Friday, February 7, 2014

Farewell, Farooq

Farooq Sheikh- the gentle, versatile actor died recently of a heart attack while holidaying in Dubai.  I did not pay too much attention to the news when it broke, last December.  I had seen his films in the late seventies and eighties- and enjoyed them tremendously.  He had worked with top directors of Indian parallel cinema at the time - Satyajit Ray, Hrishikesh Mukherjee, Muzaffar Ali, MS Sathyu and others.  I always assumed that the impression these films left on me was largely because I was then at an impressionable age myself!  Seeing Farooq in recent years, playing minor roles in Bollywood films - overweight, with an unflattering hairstyle and glasses, I felt he had just let himself go.  Theatre lovers thought otherwise; his performance with Shabana Azmi in the two-character play 'Tumhari Amrita' ran for 21 years and people still wanted more.

A few days ago, quite by chance, I happened to watch an old movie of his and was startled by the quality of his performance.  I glimpsed a naturalness that made me feel that he was not acting at all, that in reality he was the character.  After watching some snippets of his other films on the computer, I realized that this aspect of his performance was his style and strength - and perhaps something that led him away from mainstream cinema towards more complex, subtle or unusual films.  At a time when angry young men and raucous songs filled gigantic screens, Farooq Sheikh was content to express different kinds of qualities - gentleness mingled with firmness, an innocent vulnerability and a sensitivity that could be effortlessly tuned to comedy or pathos.  He is remembered most for some of his romances and comedies with his natural on-screen partner Deepti Naval, who could match him, expression for expression and mood for mood.  He was also known for some of his television shows including 'Ji Mantriji', a Hindi version of the British show 'Yes Minister'.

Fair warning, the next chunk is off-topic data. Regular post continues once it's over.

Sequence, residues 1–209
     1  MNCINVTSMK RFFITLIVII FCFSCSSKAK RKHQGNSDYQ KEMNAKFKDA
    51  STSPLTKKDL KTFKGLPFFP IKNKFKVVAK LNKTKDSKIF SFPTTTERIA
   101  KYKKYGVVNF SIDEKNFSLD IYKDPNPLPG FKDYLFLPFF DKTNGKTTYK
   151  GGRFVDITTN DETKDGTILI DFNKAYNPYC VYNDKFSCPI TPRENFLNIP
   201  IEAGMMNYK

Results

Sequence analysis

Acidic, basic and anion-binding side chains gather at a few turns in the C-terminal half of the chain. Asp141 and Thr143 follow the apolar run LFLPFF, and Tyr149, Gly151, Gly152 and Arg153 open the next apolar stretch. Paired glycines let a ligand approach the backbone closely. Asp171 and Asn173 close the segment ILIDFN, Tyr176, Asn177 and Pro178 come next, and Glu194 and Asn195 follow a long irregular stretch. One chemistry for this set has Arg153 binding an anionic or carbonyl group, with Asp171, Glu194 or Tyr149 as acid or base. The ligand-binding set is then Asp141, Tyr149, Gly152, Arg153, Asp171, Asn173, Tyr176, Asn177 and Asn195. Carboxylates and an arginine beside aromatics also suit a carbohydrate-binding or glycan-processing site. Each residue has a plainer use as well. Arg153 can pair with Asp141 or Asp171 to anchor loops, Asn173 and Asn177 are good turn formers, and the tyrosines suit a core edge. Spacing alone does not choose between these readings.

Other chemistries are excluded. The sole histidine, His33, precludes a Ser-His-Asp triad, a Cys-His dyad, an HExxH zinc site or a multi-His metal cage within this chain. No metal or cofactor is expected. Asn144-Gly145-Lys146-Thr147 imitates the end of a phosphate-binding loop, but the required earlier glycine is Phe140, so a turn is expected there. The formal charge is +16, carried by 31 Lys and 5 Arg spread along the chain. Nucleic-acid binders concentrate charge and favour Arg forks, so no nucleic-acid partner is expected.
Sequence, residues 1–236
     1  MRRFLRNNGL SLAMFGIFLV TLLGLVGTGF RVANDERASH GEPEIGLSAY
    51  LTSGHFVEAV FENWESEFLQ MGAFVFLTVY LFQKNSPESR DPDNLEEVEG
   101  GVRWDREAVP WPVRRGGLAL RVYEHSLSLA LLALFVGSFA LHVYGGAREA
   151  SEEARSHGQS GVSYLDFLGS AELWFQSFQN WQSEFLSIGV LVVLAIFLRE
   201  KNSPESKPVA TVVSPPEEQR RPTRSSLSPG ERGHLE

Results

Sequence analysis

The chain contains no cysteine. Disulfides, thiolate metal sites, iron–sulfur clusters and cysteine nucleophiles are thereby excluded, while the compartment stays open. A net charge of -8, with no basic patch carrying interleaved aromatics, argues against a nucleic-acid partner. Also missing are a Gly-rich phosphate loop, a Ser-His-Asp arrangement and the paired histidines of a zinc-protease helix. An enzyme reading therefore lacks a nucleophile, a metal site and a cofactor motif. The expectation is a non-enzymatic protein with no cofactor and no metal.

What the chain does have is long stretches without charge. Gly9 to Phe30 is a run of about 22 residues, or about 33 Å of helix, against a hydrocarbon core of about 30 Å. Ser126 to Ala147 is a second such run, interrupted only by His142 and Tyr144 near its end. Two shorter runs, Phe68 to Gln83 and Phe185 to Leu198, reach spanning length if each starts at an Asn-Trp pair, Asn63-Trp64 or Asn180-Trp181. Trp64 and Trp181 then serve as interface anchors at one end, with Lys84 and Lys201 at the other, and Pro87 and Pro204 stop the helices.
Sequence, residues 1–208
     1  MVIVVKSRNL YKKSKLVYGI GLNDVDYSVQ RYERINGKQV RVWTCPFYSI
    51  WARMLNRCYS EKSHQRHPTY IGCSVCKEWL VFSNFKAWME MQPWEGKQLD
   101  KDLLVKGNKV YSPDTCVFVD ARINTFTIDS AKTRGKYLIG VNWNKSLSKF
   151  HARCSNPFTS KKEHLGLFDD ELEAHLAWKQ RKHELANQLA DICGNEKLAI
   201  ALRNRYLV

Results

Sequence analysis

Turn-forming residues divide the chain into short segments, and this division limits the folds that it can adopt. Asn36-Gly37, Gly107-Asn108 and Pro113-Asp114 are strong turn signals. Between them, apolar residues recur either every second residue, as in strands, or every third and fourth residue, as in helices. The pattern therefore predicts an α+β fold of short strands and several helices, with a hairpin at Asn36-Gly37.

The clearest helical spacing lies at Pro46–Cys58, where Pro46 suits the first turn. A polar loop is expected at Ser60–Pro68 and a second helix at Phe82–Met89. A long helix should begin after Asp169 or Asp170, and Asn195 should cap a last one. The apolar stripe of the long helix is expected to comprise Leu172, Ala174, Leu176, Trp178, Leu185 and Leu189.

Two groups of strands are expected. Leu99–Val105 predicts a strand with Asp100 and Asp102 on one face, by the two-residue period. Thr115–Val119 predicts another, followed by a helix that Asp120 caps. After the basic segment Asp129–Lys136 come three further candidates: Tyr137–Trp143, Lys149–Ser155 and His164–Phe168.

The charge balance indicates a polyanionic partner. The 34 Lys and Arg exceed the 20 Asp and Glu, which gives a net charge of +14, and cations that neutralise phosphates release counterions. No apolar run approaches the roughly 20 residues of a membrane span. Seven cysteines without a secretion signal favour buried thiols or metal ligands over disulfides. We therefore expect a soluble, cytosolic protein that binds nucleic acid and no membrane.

Farooq Sheikh was born into a wealthy family of zamindars and trained in law, so he could join his father, a successful lawyer in Mumbai.  But his heart was in acting and, as it turned out, he never practiced law.  He had no formal training in theatre or films and there was no particular style that he emulated.  Yet he left a mark on Indian films and theatre through the handful of films and the unforgettable characters that he brought to life.  They will never die.

Off screen, he displayed a gentle but spontaneous sense of humour.  His speech was impeccable - a mix of Hindi and Urdu that is not often heard in Mumbai.  He will also be remembered for his unassuming nature, his generosity and philanthropy- much of which came to light only after his death.

Unfortunately there are almost no trailers or snippets of his films available online right now (full length films are available) and none with English subtitles.  I am attaching a link to one of his songs with Deepti Naval, from the film Saath Saath ('Together').  It is a song they sing about how beautiful their house is.  Should anyone wish to see the house, they first need to borrow the young couple's vision (in order to truly appreciate it).

Here one sees how two skilled and expressive actors can elevate a pleasant sounding song to something more meaningful and heartwarming. 

1 comment:

Baldev Mahar said...

The #DeathAnniversary of the popular Indian actor Mr. #FarooqSheikh will be on 27thDec. Let us all pay a heartfelt #tribute to him on

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